Can you freeze biscotti dough?
Absolutely! This is good news for someone like me who is usually too busy the first weeks of December to make cookies.
If this sounds like you, make your dough ahead of time and form it into logs. Then wrap it tightly and freeze (for up to 3 months) until you’re ready to bake.
How long can biscotti be stored?
Biscotti are an excellent option if you ship cookies to friends and family, like I do. Last year, I packed them in these cute cookie boxes.
They hold up well and remain fresh much longer than the usual holiday cookies. Another recipe that is great for this are my rum balls.
I kept ours for almost two weeks and they were still perfect. I’m surprised they lasted that long to be honest. Speaking of cookie exchanges, these are perfect for sharing.
Because the recipes makes about two and a half dozen, it is enough to share in a cookie exchange and you can make them ahead of time.
This recipe has become a reader favorite. Here’s what Alta has to say:
“I have baked your Butter Pecan Biscotti countless times and it always comes out perfect. I actually use it as a base recipe for any biscotti I make… no other recipes compare!”
We love biscotti around here and last year I made a different flavor to ship to friends and family. I made Cranberry Pistachio Biscotti and shipped them 3,000 miles. I am happy to report that they arrived without being broken, so I can say with confidence that biscotti make the ideal treat for shipping.
If you live in a nut-free house, or you are baking for someone with nut allergies, you can omit nuts and add chocolate chips, seeds or dried fruit instead. You can also make these absolutely divine citrus biscotti or for the holiday season, try these gingerbread biscotti.
Helpful equipment for baking
- Cooling racks
- Mixing bowls
- Stand mixer – this is the exact model and color I own, it is worth every penny if you are an avid baker.
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Did you make these butter pecan biscotti? Give me a shout on Instagram @pookspantry and show me! I’d love to see your version.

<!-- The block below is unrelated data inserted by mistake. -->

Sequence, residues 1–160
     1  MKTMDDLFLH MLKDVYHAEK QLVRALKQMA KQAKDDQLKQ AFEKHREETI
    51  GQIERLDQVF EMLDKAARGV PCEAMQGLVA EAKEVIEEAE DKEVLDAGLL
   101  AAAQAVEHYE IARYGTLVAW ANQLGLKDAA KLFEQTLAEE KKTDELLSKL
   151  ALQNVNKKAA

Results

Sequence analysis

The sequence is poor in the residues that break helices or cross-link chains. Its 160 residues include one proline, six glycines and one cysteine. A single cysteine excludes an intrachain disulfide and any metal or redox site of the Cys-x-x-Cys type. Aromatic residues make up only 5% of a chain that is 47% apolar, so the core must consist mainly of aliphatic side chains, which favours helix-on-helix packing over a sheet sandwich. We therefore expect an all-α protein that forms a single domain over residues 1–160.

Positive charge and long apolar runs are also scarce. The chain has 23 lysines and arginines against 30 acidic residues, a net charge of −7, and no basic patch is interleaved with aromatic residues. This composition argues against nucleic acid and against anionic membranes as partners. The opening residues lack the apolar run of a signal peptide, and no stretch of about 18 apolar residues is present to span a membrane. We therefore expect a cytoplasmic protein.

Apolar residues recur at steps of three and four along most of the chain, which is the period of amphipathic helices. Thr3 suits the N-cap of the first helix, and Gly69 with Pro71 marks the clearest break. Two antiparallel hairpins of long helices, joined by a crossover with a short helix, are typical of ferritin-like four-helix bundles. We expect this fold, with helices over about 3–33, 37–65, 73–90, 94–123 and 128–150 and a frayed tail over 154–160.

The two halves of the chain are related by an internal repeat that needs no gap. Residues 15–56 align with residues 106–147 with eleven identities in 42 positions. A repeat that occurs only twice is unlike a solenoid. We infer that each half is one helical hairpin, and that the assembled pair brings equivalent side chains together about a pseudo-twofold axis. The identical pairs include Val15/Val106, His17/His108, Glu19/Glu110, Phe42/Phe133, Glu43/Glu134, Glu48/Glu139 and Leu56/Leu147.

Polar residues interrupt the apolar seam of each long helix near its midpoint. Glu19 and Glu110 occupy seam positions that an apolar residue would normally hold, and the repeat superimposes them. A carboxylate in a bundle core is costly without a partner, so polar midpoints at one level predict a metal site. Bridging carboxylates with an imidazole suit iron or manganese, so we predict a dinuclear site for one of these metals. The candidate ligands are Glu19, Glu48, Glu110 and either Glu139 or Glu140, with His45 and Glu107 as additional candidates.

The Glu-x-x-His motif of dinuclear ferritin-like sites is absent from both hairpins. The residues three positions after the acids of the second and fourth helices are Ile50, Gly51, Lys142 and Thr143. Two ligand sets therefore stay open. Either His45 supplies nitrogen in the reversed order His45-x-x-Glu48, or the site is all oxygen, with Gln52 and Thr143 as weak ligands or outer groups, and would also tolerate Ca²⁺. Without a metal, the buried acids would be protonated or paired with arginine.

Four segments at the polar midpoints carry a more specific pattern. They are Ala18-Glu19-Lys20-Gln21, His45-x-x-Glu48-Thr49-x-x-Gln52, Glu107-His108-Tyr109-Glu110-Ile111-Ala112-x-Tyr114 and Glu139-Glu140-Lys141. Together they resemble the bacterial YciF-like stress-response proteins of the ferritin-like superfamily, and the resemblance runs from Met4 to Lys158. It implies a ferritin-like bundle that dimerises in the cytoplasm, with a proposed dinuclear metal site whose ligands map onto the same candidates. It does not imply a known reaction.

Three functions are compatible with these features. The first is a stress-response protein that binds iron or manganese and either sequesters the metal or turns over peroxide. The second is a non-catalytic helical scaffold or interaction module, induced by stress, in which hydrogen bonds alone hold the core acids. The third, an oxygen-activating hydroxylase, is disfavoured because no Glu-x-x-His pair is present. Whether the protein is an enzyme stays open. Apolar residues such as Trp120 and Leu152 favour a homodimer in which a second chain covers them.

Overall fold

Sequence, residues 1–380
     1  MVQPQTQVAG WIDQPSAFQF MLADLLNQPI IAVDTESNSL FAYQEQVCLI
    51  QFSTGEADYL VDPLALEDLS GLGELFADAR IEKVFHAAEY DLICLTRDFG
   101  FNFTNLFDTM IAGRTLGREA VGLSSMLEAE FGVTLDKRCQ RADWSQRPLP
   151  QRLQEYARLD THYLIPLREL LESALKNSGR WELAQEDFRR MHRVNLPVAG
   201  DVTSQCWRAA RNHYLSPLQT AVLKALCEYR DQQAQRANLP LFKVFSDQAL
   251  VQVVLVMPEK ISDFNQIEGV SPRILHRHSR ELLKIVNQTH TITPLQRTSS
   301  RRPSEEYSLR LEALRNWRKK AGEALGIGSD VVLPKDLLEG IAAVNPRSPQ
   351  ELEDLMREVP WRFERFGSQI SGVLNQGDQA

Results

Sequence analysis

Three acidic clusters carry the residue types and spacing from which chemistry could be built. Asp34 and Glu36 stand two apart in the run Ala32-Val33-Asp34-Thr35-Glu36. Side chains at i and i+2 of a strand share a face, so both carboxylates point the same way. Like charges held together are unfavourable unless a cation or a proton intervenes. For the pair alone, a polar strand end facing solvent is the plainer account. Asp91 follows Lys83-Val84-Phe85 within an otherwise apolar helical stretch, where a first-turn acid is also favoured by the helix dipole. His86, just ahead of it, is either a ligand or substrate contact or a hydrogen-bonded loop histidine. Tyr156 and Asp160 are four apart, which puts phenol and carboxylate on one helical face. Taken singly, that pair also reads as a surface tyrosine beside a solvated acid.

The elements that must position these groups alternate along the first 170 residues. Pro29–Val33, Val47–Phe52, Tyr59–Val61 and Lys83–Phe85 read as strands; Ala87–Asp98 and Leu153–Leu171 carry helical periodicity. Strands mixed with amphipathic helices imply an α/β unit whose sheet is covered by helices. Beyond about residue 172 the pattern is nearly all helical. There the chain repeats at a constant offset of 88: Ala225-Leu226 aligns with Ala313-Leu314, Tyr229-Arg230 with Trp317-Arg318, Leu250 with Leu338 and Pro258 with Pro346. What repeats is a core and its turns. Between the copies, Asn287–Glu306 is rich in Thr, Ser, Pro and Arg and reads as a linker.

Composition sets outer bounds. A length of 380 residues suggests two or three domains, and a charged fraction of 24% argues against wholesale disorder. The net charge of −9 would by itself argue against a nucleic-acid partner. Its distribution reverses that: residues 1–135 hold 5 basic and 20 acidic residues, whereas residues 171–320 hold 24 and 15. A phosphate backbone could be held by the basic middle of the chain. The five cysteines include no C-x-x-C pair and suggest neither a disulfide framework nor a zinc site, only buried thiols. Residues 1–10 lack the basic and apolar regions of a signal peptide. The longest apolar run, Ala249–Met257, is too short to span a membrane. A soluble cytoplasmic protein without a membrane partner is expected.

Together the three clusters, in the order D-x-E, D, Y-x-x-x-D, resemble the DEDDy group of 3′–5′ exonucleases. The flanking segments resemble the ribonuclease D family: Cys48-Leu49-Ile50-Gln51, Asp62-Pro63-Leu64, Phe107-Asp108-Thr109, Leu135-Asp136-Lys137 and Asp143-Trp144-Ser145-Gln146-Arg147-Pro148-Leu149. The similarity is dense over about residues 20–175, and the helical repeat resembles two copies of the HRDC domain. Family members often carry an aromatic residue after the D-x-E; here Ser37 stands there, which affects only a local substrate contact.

- 3 eggs, room temp
- 1 1/2 tsp. baking powder
- 3/4 cup light brown sugar
- 3 cups all-purpose flour
- 3/4 tsp. salt
- 1 tsp. vanilla bean paste, sub vanilla extract if you don't have paste
- 1 1/2 sticks unsalted butter, room temp (6 oz. or 12 tbsp.)
- 1 cup pecans, toasted and chopped
- 4 ounces chocolate, melted, for drizzle (if desired)
- Preheat oven to 375F.
- Lay pecans on a sheet pan in a single layer and toast in the oven for 5-7 minutes, until fragrant. Remove and set aside to cool before chopping.
- Put butter in a small sauce pot and melt over medium heat. Continue cooking for 5 or 6 minutes until it is foamy and starts to deepen in color to a light brown. You will smell it's deliciousness. That's your cue. Remove from heat and set aside to cool. Do not cook butter past light brown, it burns very quickly.
- In a medium bowl: combine flour, salt and baking powder
- In a separate bowl (or the bowl of a stand mixer): Combine browned butter and brown sugar, then add eggs, one at a time.
- Add vanilla bean paste. Continue mixing for 4 - 5 minutes, then add dry ingredients. Mix until barely combined, then add pecans and mix until nuts are incorporated. (You may not get them all in, that's ok. You will do it when forming the logs.)
- On a parchment lined sheet pan, form 2 loaves of dough roughly 3" wide by 3/4" thick.
- Bake for 22-24 minutes. Remove from oven and let cool for 20 minutes. Slice logs into approximately 1/2" slices and lay them on their sides.
- Reduce heat to 300F and bake for an additional 18 - 20 minutes.
- Cool completely before drizzling with melted chocolate (if desired).
Optional: Chocolate Drizzle
Melt 1/2 cup bittersweet or semisweet chocolate chips in a microwave safe bowl in two 30 second increments. It should only take 1 minute total, the chips will not be completely melted. Stir until chips are melted and chocolate is smooth.
Using a piping (pastry) bag or zip-top bag with the corner snipped off, drizzle melted chocolate over biscotti. Let chocolate set at room temp for about 30 minutes before moving.
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Amount Per Serving: Calories: 185Total Fat: 10gSaturated Fat: 4gTrans Fat: 0gUnsaturated Fat: 5gCholesterol: 37mgSodium: 148mgCarbohydrates: 19gFiber: 1gSugar: 7gProtein: 4g
Nutrition information calculated by a third-party company as a courtesy. It is intended as a guideline only.
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Originally published on 12/18/16, most recent update: 11/11/20